21. The method of claim 19 wherein the step of tracking eigenvalues is accomplished independent of the character of the noise.

22. A method of estimating M number of signals received as a composite signal by an N element array independent of any parameters of the M signals, where M≦N comprising the steps of:

(a) collecting plural frames of data at predetermined time intervals from the N element array;

(b) deriving a plurality of eigenvalues from a frame of data;

(c) associating each eigenvalue by either assigning the eigenvalue to an existing track of eigenvalues plotted on a complex plane or assigning the eigenvalue to a new track on the complex plane as a function of a set of predetermined criteria;

(d) adjusting a state of the eigenvalue tracks; and,

(e) determining an estimate for M as a function of the number of eigenvalue tracks mat least one predetermined state.

23. The method of claim 22 comprising the step of repeating steps (b) through (e) for successive frames of data.

24. The method of claim 22 wherein the state of an eigenvalue track is selected from the group consisting of new, tentative, candidate, and confirmed.

25. The method of claim 22 further comprising the step of deleting an existing track of eigenvalues when said track is not assigned an eigenvalue for a predetermined number of frames of data.

26. The method of claim 25 wherein the predetermined number of frames of data is greater than one.

27. The method of claim 22 wherein the step of assigning an eigenvalue to an existing track is a function of the Euclidean distance between said eigenvalue and said existing track.

28. In a method for signal enumeration for blind source separation of plural signals in a multi-signal environment including noise, the improvement comprising the step of mapping eigenvalues of matrix pencils in a complex plane over successive frames where at least one of the matrix pencils is a function of one of the plural signals to thereby enumerate the plural signals.

29. In a method for determining the number of signals in a multi-signal environment with noise, the improvement of distinguishing a first one of the plural signals from the others of the plural signals and from the noise as a function of the frame to frame stability of a series of eigenvalues in a complex plane that are derived from a characteristic of the first signal over a predetermined number of time intervals.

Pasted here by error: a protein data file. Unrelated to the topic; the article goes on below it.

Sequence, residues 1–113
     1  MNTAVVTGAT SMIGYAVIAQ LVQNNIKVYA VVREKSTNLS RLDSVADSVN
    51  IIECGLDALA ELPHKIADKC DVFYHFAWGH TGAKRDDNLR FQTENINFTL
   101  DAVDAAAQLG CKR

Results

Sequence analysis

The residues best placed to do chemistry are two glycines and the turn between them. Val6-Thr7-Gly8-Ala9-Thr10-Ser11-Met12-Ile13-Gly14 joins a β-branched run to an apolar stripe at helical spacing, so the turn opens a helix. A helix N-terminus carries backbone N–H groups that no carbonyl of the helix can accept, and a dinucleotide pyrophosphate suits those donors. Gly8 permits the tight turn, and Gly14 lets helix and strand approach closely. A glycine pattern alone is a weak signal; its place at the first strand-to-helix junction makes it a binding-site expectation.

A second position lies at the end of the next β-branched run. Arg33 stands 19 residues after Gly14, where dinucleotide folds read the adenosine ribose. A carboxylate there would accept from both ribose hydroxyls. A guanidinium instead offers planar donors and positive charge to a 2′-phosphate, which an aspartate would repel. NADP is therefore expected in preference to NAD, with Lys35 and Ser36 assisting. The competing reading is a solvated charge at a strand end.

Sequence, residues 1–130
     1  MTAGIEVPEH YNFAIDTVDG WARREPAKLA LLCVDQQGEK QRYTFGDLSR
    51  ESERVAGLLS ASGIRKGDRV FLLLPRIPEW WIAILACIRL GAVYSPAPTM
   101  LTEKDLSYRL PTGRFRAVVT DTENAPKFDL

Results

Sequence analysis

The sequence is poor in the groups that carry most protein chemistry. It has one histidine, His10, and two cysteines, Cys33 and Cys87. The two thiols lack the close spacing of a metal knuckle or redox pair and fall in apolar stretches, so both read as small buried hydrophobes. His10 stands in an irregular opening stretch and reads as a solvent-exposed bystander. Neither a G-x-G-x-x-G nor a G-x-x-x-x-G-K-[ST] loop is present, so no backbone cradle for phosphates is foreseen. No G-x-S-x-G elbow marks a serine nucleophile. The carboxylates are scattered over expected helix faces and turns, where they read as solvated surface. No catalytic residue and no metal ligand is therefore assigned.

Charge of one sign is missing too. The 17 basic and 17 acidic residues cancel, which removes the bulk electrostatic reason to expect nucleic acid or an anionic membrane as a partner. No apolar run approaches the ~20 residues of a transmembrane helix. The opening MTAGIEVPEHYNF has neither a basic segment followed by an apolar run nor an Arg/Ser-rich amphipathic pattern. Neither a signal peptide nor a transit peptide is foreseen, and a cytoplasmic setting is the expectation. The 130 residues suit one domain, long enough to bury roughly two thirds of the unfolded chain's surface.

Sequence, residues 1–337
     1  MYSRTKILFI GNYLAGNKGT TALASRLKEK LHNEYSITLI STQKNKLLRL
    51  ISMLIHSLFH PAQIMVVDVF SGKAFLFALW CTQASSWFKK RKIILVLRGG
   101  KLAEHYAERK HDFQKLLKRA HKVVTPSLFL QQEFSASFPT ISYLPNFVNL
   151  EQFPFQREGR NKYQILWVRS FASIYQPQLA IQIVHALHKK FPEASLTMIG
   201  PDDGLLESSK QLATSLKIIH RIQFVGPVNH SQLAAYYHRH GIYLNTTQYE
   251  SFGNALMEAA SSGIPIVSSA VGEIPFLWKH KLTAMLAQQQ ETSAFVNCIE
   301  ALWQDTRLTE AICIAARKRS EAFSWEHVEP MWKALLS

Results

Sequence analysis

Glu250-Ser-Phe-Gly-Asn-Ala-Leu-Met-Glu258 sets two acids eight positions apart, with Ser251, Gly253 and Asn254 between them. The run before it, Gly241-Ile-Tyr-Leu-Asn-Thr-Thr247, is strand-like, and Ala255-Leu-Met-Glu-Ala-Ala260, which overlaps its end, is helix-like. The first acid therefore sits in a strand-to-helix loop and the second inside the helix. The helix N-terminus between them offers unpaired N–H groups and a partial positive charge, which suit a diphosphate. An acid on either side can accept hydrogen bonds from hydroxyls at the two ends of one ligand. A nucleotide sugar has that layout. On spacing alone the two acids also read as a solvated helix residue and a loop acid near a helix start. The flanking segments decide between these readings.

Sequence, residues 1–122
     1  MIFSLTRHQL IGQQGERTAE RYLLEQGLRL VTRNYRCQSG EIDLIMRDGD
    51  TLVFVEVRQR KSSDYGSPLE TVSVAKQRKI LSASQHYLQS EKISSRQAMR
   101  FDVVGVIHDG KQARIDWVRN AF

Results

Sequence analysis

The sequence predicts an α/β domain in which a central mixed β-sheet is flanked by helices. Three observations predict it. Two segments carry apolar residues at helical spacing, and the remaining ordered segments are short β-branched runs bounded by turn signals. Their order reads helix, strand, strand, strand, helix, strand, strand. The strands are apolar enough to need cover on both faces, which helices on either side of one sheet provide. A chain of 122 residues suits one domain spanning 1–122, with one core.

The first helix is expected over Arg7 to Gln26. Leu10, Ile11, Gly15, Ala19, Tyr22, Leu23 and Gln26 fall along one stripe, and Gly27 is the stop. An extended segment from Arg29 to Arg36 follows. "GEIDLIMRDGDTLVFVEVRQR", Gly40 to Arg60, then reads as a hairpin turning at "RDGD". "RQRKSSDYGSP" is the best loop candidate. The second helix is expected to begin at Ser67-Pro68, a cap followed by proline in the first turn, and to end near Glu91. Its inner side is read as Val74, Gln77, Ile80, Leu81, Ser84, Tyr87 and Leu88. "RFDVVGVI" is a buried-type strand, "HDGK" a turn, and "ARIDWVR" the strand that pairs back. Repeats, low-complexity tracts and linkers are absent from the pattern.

30. A system for signal enumeration in a multi-signal environment, comprising:

means for collecting frames of data from the plural signals;

means for providing an estimate of at least one matrix pencil from one of the frames;

means for deriving an eigenvalue from one of the matrix pencil estimates;

means for associating the eigenvalue by either assigning the eigenvalue to an existing track of eigenvalues plotted on a complex plane or assigning the eigenvalue to a new track on the complex plane as a function of a set of predetermined criteria;

means for performing eigenvalue track maintenance operations; and,

means for updating signal enumeration estimates.

31. In a system for signal detection and enumeration having a multi-element array, a receiver and an eigenvalue generator, the improvement comprising:

an eigenvalue location processor for block-wise mapping of eigenvalues on a complex plane; and,

a counter for recording a predetermined number of eigenvalues that are mapped in substantially the same location on the complex plane in successive blocks.

32. A method of signal detection comprising the steps of determining a matrix pencil from a high order statistic of digitized sensor data, performing generalized eigenvalue decomposition, and tracking a location of an eigenvalue in a complex plane in successive frames of digital data to thereby detect the signal.

33. A system for detecting a communication signal having a plurality of symbols each formed from a sequence of bits, comprising:

a receiver for receiving and digitizing successive frames of the symbols of said communication signal;

means for determining a matrix pencil eigenvalue for at least one of said symbols for each of a plurality of said frames;

means for determining the generalized eigenvalue decomposition of said matrix pencil eigenvalues;

means for mapping said eigenvalues on a complex plane; and,

means for determining the relationship between one eigenvalue in a first frame and a corresponding eigenvalue in a subsequent frame to thereby detect the signal.

34. The system of claim 33 wherein the communication signal is in a multi-signal environment.

35. The system of claim 33 wherein the communication signal is in a noisy environment.

36. The system of claim 33 wherein the means for determining the relationship between eigenvalues comprises determining the Euclidean distance in the complex plane between the eigenvalues.

Description

The present application is related to and co-pending with commonly-assigned U.S. patent application Ser. No. 10/360,631 entitled “Blind Source Separation Utilizing A Spatial Fourth Order Cumulant Matrix Pencil”, filed on 10 Feb. 2003, the disclosure of which is hereby incorporated herein by reference.